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From old blog: Oct 6th - Weekly update

posted Feb 9, 2013, 7:39 PM by Dmitri Boulanov
1) An article posted recently on TechReview about Google's efforts in AI got me thinking that there's a neural network we should be putting in the back end of our system. One that can learn from the input by the users and can learn about adverse events from the users and doctors labeling them as adverse, providing us with history sufficient enough to become training data (sensor-based) for detection and prediction (early-warning system if you will) of future adverse health conditions. I'm made more confident in this approach by the results of a visual recognition (computer vision - another form of machine learning) published from Stanford recently:

ImageNet Large Scale Visual Recognition Competition 2011 (ILSVRC2011)
Here, the best model to recognize objects (could be useful in a medical sense) was a very large neural network - an unsupervised machine learning technique (one that doesn't require a human to set the important characteristics / features to look for in training sets, but rather picks them up on its own). We'll have to update our diagram or publish an entirely new back-end diagram for how such a system might interact with a patient and a provider, as well as the other players in the healthcare ecosystem - what it's potential use-cases might be.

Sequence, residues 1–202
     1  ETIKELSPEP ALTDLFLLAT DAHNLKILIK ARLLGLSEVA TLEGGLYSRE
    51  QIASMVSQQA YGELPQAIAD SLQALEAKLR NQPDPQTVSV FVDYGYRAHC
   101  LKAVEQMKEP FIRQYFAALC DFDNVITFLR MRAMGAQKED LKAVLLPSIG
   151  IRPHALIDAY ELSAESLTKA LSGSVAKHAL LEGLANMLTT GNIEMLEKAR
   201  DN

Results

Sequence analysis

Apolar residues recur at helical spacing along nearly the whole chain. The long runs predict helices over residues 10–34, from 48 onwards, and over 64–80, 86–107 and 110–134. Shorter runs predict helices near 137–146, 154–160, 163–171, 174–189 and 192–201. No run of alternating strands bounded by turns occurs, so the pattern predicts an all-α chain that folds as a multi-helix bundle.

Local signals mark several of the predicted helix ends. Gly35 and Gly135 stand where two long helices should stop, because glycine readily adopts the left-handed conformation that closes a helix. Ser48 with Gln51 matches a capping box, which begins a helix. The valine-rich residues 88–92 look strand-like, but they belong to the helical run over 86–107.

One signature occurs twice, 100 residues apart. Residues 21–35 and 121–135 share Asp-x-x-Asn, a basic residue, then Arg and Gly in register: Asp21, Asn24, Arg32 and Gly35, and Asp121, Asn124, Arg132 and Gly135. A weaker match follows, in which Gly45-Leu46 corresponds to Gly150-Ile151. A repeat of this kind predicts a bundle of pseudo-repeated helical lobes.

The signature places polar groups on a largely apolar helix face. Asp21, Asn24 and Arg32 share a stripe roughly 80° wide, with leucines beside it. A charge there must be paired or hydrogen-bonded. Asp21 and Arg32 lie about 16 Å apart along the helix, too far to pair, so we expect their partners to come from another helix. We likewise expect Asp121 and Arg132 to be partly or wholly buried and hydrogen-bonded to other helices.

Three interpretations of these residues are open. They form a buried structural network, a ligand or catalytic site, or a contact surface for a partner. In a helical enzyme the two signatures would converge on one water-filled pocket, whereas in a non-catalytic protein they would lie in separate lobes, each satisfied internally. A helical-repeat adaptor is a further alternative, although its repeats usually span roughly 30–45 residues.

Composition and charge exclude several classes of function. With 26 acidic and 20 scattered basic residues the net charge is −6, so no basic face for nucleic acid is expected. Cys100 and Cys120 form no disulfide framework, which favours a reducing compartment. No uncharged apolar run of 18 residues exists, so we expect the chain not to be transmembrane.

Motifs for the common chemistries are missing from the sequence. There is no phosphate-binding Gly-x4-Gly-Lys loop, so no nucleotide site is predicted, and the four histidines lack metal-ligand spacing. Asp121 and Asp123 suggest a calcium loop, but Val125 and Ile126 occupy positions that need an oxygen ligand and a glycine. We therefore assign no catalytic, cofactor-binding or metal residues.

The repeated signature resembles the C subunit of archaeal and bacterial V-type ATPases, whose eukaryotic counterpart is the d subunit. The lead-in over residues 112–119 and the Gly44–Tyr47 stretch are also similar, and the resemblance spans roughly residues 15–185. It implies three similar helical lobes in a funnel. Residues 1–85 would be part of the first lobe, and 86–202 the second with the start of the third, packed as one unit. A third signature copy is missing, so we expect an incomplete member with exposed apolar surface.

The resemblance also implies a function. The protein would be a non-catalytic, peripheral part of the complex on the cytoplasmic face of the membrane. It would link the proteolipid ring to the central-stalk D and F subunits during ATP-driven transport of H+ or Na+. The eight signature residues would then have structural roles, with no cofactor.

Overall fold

2) Meanwhile, we have received an Android version of the Node sensor from Dr. Yu and his team. The Android API and Demo version of the app is available on the site now. It seems that a minimum Droid version of 2.3.3 is necessary to run the app and the device (they're dependent on one another) - thankfully I can run it on my Thunderbolt. I have been able to compile the demo app and tried to run it, but are having issues pairing the device to my Droid via Bluetooth. Hopefully I can figure out what the issue is (try out other, newer Droids and re-compile with Android 4.1).

3) I will be attending the AT&T Mobile Hackathon this weekend, in the hopes of getting our system built further and getting some help from senior developers at AT&T. The goal is get the front-end enhanced a bit, get more signals going, improve our fall-detection model based on other studies (especially if we get the Node working), and most importantly, get a back-end going - most likely in Amazon Web Services (AWS), where we'd be able to store data for future analysis. We can simulate some signal readings, like Heart Rate and EKG signal - for outputs like Stress Levels and warnings on EKG signals.

4) We're in the process of on-boarding a part-time engineer to help us with the back-end. More as it comes later. Still looking for front-end help and HealthIT entrepreneur advisors.

5) We're looking at Groovy for back end analytics for the future (likely Development Round 2).

UPDATE:
6) Since the start of the AT&T Hackathon, added Apigee App Services to back-end technologies being explored.

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